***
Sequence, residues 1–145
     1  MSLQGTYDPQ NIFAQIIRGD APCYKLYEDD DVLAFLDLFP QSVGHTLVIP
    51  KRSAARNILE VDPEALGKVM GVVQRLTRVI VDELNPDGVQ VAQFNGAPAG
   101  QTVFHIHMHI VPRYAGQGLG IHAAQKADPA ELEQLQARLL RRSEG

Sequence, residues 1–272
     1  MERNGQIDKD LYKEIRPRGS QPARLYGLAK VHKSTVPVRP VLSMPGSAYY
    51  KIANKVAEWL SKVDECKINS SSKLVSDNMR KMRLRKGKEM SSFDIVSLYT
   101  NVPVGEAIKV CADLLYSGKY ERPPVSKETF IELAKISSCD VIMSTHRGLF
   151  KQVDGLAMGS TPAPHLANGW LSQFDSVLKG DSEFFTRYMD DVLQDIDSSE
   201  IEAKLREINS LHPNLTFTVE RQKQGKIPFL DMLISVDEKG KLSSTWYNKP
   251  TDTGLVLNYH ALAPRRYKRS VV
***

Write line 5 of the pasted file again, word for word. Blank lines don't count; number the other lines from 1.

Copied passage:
Sequence, residues 1–272